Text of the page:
Saturday, March 17, 2012

Springtime at Winterberry Farm

A black ant crawls across the sunny bathroom floor, the first house ant of the year. I'm at Winterberry Farm in western Massachusetts this weekend visiting my parents, where spring is just a bit ahead compared to southeast New Hampshire. The ants have not yet emerged at our house.

On my walkabout around the yard and down into the back forty this afternoon there was plenty to notice, although you had to look close at times.  Last fall my dad and I cleared the woodland trail--it was littered with fallen limbs from the Halloween storm. This trail leads past a small hillside seep that is the first place to see skunk cabbage in March. The newly emerged leaves, known as the hood or the spathe, appear like tiny woodland sculptures, each one unique in shape and color pattern.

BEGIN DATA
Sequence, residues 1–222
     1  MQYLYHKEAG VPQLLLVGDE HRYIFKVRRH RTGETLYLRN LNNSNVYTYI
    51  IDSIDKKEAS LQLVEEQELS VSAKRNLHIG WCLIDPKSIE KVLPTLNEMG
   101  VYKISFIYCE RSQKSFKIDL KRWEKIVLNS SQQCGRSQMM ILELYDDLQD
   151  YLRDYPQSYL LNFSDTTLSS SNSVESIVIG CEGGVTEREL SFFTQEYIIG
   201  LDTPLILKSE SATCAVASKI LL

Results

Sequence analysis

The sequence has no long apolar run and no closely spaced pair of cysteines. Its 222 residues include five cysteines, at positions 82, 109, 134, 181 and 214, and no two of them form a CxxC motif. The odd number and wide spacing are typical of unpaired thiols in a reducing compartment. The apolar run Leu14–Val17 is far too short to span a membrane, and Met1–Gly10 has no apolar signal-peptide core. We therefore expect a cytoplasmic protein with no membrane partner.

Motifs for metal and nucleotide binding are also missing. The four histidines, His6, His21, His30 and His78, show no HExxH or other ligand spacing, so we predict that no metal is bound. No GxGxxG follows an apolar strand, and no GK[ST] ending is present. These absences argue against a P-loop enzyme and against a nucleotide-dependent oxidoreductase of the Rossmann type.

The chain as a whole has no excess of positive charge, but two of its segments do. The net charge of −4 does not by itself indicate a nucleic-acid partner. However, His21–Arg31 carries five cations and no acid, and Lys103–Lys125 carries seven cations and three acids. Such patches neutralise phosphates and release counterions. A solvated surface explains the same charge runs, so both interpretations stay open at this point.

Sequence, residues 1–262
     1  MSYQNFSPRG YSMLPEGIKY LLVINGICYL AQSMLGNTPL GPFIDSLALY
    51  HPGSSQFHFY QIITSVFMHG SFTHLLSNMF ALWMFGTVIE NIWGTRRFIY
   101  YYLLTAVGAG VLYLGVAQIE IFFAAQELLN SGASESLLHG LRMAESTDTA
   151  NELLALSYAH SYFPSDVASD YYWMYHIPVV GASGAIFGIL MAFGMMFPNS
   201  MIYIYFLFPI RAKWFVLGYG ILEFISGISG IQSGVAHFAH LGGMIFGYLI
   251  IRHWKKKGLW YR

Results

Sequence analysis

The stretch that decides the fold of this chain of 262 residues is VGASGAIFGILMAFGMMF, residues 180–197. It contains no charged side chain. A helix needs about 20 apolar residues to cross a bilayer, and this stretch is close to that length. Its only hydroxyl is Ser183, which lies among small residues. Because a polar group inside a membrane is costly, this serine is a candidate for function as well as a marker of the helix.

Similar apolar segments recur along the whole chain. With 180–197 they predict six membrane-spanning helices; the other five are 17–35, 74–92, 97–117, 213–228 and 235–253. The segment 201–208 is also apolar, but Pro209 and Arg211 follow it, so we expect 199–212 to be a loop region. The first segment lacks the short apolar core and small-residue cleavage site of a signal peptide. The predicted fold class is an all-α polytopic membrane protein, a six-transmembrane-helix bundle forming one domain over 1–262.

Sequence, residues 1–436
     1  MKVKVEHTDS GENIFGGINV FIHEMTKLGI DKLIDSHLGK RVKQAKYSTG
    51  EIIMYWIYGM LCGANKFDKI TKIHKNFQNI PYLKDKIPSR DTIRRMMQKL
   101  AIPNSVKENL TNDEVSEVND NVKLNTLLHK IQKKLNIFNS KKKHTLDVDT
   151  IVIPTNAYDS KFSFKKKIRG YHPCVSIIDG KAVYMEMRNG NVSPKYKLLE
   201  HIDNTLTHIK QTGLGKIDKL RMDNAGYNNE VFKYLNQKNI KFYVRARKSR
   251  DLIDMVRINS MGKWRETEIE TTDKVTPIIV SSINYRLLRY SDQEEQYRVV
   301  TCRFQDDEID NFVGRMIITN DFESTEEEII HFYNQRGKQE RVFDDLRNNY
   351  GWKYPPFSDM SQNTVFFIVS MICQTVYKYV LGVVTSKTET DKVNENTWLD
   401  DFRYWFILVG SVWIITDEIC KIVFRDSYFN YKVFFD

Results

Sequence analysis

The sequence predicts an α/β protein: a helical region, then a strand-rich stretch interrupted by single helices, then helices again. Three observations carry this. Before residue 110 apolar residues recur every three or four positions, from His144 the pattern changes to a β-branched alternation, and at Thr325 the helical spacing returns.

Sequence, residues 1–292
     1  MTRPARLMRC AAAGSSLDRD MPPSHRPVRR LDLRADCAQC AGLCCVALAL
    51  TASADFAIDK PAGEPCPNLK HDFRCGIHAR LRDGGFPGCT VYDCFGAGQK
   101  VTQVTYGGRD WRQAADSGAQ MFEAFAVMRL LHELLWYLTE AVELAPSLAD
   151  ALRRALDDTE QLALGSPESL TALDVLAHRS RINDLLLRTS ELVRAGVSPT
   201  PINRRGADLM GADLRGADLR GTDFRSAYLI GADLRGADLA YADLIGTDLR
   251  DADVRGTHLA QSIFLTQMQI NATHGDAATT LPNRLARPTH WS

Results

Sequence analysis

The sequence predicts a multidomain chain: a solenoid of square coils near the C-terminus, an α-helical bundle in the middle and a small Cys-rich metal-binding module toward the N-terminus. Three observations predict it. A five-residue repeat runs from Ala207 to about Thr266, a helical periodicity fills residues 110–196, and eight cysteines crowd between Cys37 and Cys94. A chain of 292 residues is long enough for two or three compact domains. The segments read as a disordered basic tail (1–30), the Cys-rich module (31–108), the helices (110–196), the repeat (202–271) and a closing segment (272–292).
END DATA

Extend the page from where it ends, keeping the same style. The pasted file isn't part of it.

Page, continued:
Spicebush shrubs dot the woodland near the skunk cabbage seep. The tiny flower buds, look like small round, yellow buttons along the stem. I break a twig and smell deeply of the spice.
Further along in my walk, along the wooded stream that drains down to the swamp, I find alders and red maples flowering. And a swamp sparrow sits quietly in a silky dogwood at the edge of the cattails, fluffing its feathers in the warm sun.
Up at the house the 90 tulips--planted by my brother last fall in celebration of mom's 90th--are a good four inches tall. Likewise the fall-planted garlic is four inches above the straw. And then there is the first crocus, so beautiful in the afternoon sun.

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